As a college student, I have been through quite a large amount of various forms of technology from headphones to new cell phones and laptops. Every few years it seems something needs to be replaced, switched out or upgraded. Within the college community of UC Berkeley alone, there are over 45,000 students, each equipped with their own electronics they rely on to successfully participate in academic life.
In the United States, there are over 900 public universities, each with their own population of students who have electronic devices. Thinking about the immensity of electronic usage is almost overwhelming; emails, papers, texts being drafted day in and day out. Whether in school or in your career, everyone has relied on some form of technology in their life either directly or indirectly.
I first started using computers in academia supplied by elementary school, which then evolved into computer science classes and labs where you learn the basics of computer mechanics. I can’t help but recall what may have happened to these older computers, now that we have moved on to much more advanced devices. Electronic waste isn’t discussed much in the media or academia, but is just another form of waste that we as humans generate.
Electronic waste is defined simply as the action of discarding electronic waste, which can range from telephones, freezers, and TVs to vending machines, LED bulbs and A/C units. When e-waste is left in the environment, heat that hits these materials exposes toxic chemicals to the surrounding area, which can then seep into the soil and groundwater. This then affects plants that rely on soil health to grow successfully and the animals that rely on plant material for energy. Not only can e-waste be detrimental, but it can also contribute to air pollution through the release of toxins like lead, mercury and cadmium.
At UC Berkeley, my physics class used old computers and cameras to take videos during our lab section. Like the technology used in my elementary school classes, I wonder where these devices go once they have been discarded or how they will be replaced. After some research, I have learned that, unfortunately, a portion of e-waste gets burned, releasing toxins into the atmosphere. The other portion gets shipped to developing countries, including Mexico, Taiwan, China, Pakistan, to name a few. Numbers on this are still in dispute, with the United Nations noting that the US exports 10-40% to other countries while the International Trade Commission notes its only 0.13%.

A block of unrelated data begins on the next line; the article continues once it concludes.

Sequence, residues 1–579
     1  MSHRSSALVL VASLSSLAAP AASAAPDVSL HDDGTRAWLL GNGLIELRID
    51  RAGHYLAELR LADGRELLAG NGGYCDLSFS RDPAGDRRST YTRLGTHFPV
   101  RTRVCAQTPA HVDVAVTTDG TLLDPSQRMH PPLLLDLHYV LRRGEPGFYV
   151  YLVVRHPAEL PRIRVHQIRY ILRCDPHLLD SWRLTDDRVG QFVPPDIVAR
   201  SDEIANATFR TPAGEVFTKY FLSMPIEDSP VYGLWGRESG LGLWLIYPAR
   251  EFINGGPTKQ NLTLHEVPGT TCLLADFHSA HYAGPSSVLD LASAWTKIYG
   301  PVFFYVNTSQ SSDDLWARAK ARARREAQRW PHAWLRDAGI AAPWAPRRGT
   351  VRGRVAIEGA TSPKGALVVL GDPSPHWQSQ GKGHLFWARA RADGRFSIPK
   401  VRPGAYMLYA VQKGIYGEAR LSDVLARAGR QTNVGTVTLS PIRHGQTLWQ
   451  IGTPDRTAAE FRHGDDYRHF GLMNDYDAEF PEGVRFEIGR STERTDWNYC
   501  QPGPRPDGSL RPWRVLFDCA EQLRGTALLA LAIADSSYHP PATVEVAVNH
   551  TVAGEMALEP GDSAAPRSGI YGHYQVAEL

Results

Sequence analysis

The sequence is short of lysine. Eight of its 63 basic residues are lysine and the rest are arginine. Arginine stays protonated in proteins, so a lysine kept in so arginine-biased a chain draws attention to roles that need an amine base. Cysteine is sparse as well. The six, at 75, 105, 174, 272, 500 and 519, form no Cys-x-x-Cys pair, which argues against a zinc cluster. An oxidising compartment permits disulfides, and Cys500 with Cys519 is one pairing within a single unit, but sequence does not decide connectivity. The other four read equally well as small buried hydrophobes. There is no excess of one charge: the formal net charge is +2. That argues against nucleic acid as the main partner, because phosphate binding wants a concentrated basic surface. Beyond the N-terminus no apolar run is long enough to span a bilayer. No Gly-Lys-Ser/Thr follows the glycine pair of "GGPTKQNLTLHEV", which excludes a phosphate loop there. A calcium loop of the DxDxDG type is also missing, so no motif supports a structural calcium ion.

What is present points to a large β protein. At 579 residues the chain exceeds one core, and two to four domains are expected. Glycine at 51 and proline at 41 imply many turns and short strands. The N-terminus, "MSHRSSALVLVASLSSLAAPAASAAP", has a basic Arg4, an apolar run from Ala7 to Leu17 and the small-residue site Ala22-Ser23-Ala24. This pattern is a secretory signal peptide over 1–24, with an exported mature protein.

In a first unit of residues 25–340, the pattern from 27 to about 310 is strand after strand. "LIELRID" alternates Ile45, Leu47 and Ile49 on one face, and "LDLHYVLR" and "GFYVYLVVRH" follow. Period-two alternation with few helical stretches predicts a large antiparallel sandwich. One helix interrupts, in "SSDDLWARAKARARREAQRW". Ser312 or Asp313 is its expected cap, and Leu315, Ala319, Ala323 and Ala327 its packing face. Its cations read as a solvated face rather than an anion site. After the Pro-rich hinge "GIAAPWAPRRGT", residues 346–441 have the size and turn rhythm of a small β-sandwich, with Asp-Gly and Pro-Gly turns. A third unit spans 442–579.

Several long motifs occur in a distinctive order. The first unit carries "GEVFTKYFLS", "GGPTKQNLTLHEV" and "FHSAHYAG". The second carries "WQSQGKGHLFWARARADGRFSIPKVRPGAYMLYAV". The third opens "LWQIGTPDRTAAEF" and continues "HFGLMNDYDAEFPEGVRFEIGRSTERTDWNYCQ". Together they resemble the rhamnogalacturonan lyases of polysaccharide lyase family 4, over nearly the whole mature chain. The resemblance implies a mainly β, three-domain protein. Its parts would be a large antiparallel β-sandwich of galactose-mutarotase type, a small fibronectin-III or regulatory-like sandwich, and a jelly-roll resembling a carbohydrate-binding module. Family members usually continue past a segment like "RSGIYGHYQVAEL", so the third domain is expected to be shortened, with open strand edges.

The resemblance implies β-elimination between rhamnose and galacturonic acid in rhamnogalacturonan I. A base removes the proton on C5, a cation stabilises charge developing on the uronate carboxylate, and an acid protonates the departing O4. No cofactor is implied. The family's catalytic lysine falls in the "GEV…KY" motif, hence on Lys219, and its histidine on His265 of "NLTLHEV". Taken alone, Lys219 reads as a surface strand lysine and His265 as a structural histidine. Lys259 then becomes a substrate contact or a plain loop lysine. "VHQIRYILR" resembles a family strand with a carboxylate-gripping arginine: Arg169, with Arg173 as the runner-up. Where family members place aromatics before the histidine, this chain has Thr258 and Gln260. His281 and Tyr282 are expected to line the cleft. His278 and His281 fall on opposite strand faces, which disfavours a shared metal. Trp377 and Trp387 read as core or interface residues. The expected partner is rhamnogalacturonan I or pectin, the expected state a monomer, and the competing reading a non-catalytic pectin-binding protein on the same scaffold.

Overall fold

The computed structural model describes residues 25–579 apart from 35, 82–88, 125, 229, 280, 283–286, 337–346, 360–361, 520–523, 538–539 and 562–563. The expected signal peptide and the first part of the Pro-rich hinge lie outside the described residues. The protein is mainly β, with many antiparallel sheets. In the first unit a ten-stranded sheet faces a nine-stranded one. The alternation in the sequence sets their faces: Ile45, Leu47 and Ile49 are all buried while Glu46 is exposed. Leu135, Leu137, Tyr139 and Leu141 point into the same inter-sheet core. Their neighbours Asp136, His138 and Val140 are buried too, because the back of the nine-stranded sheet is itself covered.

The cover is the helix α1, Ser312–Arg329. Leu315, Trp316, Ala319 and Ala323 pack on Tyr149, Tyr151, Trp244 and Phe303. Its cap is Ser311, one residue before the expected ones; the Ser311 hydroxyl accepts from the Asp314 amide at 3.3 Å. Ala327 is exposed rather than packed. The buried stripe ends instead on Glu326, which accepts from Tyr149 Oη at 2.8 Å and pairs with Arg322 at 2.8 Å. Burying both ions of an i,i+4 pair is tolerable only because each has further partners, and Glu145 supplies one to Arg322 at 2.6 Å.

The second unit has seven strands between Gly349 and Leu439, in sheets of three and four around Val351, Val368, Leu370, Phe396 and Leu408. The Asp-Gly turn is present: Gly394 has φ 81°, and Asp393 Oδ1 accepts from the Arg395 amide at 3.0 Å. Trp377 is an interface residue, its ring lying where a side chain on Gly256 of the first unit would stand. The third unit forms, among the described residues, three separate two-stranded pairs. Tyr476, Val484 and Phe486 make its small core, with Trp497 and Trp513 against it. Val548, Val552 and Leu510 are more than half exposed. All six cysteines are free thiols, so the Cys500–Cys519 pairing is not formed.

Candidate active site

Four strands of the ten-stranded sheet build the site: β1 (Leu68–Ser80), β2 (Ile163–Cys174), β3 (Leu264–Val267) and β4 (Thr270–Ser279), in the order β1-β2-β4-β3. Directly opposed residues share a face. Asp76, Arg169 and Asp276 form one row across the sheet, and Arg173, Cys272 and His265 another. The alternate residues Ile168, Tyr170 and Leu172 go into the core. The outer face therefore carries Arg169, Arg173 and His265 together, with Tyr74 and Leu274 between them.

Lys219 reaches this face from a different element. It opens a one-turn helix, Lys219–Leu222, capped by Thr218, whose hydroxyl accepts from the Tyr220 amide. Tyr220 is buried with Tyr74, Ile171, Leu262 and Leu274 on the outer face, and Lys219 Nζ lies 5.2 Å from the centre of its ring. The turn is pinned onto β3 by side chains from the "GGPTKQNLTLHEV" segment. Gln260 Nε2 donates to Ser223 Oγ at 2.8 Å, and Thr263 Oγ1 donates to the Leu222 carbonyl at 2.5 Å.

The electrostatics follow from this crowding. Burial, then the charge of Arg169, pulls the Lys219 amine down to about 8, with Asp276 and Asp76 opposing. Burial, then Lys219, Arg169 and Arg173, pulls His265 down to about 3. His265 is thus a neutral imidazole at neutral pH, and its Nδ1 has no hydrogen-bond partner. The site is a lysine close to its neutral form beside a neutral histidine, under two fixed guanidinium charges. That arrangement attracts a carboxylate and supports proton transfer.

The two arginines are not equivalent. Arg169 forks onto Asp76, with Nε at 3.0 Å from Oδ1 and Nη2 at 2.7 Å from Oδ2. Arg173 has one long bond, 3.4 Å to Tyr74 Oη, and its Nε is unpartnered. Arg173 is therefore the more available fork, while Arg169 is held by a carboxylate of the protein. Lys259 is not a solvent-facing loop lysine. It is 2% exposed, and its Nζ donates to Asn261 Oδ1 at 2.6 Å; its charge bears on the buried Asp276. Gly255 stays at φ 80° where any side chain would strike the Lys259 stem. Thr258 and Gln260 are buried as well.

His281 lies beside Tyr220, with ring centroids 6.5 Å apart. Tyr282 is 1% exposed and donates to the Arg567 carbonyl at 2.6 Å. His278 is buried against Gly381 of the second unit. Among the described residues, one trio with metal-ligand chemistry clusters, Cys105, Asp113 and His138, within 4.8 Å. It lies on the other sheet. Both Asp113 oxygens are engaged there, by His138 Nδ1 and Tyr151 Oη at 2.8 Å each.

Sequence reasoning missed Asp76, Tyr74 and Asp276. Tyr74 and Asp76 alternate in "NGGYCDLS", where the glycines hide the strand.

Before tossing your e-waste into the trash, there are a few quick solutions you can take to avoid contributing to the growing mass of electronic waste. Selling the technology online, passing it along to friends or family or donating to a school are some fast ways to dispose of your waste. Most manufacturers will also take back the electronics, Apple, Lenovo and Dell are a few examples. Best Buy, Staples and Office Max also take drop offs at their in person locations.
For fellow Berkeley students, at the end of the year there are also e-waste donation drop offs, so if you are local to the area you can contribute to these drives. Electronic waste is often overlooked, but it is important to remember that there are ways to recycle this in a semi-sustainable way to protect the environment from harm. This quick fix can have a lasting impact for the health of the environment and population.